Transitioning from domestic to international trade offers many benefits to small- and medium-sized enterprises (SMEs).
However, it’s not easy to make that transition. Companies in emerging markets have to face many obstacles and unstable financial and economic landscapes. So how can they overcome these problems?
There are plenty of reasons for making the move from domestic to international markets despite the challenges of global trade.
Moving into international markets gives companies the potential to gain global brand exposure. It allows Suppliers to get their name well known and offer products to more Buyers.
Expanding into new markets means that companies can identify ‘untapped’ regions with fewer competitors, giving them a unique market position.
International trading can often be more cost-efficient than trading domestically.
Suppliers can also form strategic alliances with international Buyers to:
Expanding internationally removes some of the financial risks of operating only in a single market, such as exchange rate risk and dips in the domestic economy.
Domestic Suppliers expanding internationally can receive financial support from governments and external providers. This could include Export Promotion Programmes (EPPs) or producing, importing and exporting goods in ‘free trade zones’ where no customs taxes or VAT is charged.
Also, institutions willing to finance cross-border trade can provide working capital to businesses that have been rejected for bank loans due to having a limited or poor credit history. Invoice financing, for example, gives Suppliers advances on unpaid invoices and doesn’t depend on their credit history.
Companies can overcome domestic challenges by taking their operations global. They can find markets that allow higher prices to be charged or overcome seasonal fluctuations. For example, a producer of winter clothes can generate year-round demand by trading globally.
The benefits of international trade are clear but there are still potential challenges. These may include the following.
International trade poses financial as well as logistical challenges. For Exporters, offering products and services to international Importers often means working with deferred payments. But many SMEs in emerging markets don’t have the financial resources to offer deferred invoice payments, even though it is likely to attract more international Buyers.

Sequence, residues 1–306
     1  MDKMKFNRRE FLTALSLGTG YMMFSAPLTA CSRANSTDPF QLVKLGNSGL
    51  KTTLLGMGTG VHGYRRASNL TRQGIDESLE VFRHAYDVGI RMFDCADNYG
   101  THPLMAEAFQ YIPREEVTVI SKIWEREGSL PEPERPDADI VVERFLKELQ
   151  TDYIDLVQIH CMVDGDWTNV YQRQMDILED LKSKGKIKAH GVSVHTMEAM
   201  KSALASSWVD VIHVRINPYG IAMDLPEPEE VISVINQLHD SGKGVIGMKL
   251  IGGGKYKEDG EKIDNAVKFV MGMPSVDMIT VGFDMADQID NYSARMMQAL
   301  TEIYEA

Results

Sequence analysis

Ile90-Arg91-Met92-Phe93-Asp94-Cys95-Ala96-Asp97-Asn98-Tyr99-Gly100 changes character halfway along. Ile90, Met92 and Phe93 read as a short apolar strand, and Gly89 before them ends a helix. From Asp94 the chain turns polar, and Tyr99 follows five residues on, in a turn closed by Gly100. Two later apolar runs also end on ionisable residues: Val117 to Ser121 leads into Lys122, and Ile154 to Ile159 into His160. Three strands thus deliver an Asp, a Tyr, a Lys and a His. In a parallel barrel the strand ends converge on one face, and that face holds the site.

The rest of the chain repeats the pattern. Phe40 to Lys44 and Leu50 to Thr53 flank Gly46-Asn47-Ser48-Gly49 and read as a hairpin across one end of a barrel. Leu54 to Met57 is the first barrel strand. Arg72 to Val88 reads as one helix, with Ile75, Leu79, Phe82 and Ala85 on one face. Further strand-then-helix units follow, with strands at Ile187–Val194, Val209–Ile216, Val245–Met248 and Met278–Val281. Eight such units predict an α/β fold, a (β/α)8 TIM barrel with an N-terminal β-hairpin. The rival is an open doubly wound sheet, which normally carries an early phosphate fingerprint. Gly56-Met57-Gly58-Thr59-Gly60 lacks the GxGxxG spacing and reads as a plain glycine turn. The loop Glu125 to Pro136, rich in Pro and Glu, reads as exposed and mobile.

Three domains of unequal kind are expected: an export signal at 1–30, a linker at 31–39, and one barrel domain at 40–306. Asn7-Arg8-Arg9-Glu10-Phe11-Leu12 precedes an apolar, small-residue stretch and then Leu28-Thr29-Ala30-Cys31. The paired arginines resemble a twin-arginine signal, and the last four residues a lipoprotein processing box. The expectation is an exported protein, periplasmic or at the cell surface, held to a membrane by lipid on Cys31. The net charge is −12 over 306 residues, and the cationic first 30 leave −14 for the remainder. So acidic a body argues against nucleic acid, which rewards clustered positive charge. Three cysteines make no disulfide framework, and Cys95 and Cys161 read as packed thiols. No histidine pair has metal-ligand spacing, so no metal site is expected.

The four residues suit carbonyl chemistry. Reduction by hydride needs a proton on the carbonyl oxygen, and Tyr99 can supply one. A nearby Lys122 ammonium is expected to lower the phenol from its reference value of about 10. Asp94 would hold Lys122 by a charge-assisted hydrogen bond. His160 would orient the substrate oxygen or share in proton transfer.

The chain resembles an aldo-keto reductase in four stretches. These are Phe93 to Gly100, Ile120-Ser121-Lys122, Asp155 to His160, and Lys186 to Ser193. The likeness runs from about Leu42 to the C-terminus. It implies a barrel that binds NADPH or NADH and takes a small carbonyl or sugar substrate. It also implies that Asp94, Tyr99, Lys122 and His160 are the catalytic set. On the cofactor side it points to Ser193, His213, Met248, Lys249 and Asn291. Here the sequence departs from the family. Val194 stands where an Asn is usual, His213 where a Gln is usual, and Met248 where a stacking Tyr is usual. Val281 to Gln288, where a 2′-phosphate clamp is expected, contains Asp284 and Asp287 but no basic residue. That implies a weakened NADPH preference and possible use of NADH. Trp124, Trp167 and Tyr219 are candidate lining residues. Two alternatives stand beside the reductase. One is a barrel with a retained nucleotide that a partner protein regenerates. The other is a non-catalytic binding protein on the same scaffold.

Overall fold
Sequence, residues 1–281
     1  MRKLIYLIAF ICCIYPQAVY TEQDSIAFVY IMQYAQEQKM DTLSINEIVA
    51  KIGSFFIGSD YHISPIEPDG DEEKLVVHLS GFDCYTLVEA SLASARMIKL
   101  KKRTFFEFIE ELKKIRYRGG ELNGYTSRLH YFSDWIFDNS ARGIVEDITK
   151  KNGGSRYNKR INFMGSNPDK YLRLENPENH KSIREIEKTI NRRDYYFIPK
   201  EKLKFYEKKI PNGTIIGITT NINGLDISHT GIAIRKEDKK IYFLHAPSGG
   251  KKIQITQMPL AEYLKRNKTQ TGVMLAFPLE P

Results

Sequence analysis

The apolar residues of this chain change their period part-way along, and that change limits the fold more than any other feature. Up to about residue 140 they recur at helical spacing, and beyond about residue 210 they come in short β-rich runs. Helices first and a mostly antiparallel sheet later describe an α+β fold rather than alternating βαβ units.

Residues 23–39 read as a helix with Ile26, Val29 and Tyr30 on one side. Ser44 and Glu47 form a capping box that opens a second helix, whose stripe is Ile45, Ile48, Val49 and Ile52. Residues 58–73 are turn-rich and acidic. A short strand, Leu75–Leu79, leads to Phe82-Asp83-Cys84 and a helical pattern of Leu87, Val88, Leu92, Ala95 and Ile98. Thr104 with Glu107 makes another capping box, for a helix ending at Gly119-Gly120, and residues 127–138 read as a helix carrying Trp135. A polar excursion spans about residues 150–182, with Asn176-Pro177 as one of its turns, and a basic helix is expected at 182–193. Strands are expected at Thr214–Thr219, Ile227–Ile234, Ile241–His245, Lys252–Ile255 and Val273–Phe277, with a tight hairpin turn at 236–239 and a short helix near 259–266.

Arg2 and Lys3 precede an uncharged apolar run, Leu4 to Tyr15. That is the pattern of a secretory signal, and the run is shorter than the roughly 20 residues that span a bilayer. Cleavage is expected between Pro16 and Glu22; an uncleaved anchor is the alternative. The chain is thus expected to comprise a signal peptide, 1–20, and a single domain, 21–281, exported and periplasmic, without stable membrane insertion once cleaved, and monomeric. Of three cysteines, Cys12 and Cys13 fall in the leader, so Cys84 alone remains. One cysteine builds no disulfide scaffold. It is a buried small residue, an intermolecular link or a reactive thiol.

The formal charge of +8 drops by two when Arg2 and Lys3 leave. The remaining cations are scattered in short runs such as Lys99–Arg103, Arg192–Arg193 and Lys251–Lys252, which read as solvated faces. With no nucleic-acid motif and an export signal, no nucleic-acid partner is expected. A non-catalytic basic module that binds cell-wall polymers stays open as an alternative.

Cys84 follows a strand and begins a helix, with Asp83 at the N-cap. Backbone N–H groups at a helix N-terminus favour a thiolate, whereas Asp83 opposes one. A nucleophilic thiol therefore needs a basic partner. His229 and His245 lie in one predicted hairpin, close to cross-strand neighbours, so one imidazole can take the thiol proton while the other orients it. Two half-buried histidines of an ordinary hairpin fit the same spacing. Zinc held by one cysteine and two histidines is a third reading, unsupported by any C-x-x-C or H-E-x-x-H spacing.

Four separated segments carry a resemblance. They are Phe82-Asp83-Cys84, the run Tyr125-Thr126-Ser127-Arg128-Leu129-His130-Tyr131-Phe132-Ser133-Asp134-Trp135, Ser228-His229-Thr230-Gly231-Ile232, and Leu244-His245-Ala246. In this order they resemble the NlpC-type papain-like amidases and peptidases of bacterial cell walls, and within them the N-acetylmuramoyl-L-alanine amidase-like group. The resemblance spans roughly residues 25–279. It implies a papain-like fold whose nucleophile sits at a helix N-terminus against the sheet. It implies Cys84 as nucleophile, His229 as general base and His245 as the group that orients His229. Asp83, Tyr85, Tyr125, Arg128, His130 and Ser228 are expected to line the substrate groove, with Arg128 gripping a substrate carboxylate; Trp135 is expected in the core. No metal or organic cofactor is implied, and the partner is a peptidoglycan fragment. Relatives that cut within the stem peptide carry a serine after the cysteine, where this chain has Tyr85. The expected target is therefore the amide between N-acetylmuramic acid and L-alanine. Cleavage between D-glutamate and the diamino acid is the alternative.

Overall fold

Economies have been hit particularly hard due to the Covid-19 pandemic, global price increases and geopolitical tension stemming from the war in Ukraine. Furthermore, tighter global financial restrictions have made it even more difficult for companies trading in emerging and developing economies.
However, Suppliers who navigate these obstacles can see financial benefits like improved cash flow and also accessibility in key markets.
Some final pieces of advice to consider before making that switch from domestic to international trade:
If you are interested in learning more about invoice factoring, Stenn has a dedicated FAQ section where you can find more information about our invoice financing services. We also provide videos which explain the company and the financing process in detail.
About the Authors
This article is authored by the Stenn research team and is part of our educational series.
Stenn is the largest and fastest-growing online platform for financing small and medium-sized businesses engaged in international trade. It is based in London, provides financing services in 74 countries and is backed by financial giants like HSBC, Barclays, Natixis and many others.
Stenn provides liquid cash to SMEs within the global financial system. On stenn.com you can apply online for financing and trade credit protection from $10 000 to $10 million (USD). Only two documents are required. No collateral is needed and funds are transferred within 48 hours of approval.
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Disclaimer: The above article has been prepared on the basis of Stenn’s understanding of the subject. It is for information only and doesn’t constitute advice or recommendation. Whilst every care has been taken in preparing this article, we cannot guarantee that inaccuracies will not occur. Stenn International Ltd. will not be held responsible for any loss, damage or inconvenience caused as a result of anything published above. All those applying for credit should seek professional advice when doing so.